A lesson I learned in knowing when to press on and when to back down.
Some years ago I was part of a group that climbed Mt Whitney every summer. Mt Whitney is the tallest peak in the continental US at 14,449 ft. Though not hardest to climb, it still requires considerable effort and planning to get on top. One year we were camped at 12,000 ft, preparing to summit the mountain the next day. Camped near us was a group from Australia that we got to know a bit around the cooking stove. Early the next morning we climbed up to a ledge known as Trail Crest, then followed the trail behind of Mt Muir, around Keller Needle and onto the summit of Mt Whitney, arriving about 9:30 in the morning. A few other groups were on top with us, but we had not seen the Australians all morning.
As we enjoyed the view from the top, a small cloud appeared above us, the result of moisture beginning to stream in from the distant Pacific ocean. As we watched the cloud began to grow rapidly, and everyone decided it was time to leave. We followed the trail back down to Keller Needle, out to Mt Muir, and at Trail Crest we met the Australian group just coming up. By this point the clouds over Mt Whitney were large and threatening. We, and other groups, advised the Australians not to go on. But they had traveled so far, planned the trip for so long, that they felt this had to be the day they went to the summit. No matter what. They continued up the trail.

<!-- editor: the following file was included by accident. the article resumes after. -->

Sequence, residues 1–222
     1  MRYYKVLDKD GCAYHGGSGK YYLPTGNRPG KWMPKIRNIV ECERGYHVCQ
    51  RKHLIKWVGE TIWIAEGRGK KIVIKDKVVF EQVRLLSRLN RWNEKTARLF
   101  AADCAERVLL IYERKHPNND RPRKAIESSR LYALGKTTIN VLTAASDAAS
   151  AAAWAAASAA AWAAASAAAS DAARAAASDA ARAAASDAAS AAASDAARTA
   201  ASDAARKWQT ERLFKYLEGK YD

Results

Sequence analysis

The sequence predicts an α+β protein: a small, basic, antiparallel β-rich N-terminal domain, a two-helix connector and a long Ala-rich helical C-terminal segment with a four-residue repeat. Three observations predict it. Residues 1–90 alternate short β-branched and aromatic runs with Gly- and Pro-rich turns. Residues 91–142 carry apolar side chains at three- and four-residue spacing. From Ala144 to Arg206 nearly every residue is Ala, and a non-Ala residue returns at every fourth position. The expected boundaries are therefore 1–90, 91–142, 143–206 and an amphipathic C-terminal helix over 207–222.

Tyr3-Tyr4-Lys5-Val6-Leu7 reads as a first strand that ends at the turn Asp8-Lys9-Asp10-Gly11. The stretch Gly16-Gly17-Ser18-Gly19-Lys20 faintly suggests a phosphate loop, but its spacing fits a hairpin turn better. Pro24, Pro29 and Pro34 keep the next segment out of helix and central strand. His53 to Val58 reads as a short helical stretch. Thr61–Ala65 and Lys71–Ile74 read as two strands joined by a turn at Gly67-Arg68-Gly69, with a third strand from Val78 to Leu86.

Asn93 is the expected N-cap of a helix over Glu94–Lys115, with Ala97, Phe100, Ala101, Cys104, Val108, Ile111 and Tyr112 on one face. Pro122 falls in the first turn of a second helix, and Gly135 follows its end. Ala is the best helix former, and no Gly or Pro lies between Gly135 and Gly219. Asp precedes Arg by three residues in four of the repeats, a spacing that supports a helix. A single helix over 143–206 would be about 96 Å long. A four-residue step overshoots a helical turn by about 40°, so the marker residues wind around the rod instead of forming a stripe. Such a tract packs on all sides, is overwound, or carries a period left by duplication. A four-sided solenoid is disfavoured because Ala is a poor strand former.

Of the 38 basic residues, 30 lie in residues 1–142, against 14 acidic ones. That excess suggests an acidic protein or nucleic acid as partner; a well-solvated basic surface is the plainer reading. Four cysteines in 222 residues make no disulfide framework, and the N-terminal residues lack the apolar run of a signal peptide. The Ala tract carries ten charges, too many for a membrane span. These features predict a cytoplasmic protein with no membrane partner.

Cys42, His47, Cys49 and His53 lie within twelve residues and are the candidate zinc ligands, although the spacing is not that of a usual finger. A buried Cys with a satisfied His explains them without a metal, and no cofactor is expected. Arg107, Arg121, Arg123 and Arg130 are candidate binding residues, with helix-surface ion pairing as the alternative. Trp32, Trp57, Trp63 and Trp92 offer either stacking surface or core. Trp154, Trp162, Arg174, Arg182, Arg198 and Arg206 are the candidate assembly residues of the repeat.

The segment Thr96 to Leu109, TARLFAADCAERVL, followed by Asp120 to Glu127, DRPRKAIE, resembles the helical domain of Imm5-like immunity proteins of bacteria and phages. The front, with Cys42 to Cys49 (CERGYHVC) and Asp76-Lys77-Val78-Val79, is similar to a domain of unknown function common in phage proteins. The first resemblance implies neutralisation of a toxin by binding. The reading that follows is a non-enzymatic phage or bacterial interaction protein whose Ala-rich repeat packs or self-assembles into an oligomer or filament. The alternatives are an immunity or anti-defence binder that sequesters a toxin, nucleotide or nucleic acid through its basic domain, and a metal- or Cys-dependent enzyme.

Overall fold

By the time we arrived at 12,000 ft, it was snowing, and thunder was echoing around the canyons. We continued to hike, getting down to 9,000 feet where it turned to rain for the rest of the day and most of the night.
The next morning was bright and clear. Early on as we began our hike out, we met a Search and Rescue team heading up the trail. They were going to get the Australians, who had been stuck on the summit during the storm. Talking later that morning to a Forest Service Ranger, we learned only part of the team had survived, while some lost their lives to the storm.
The lesson: Projects can often feel important. There can be huge pressure to complete, to “go live” on a particular day, to finish “on time”. And there can be penalties, often financial, for not meeting a milestone or completion date. But no matter how big the project, there is always an option to delay. The Australian hikers could have turned back, and tried another day, or even another trip. Would it have been “expensive”? yes. Would it have been a better option than being struck by lightning? yes. The Australian group hiked with blinders on, not understanding the true risks, or evaluating all their options.
When pressure to complete “on time” gets high, project managers need to keep their heads, know the cost of delay, and the risks of continuing.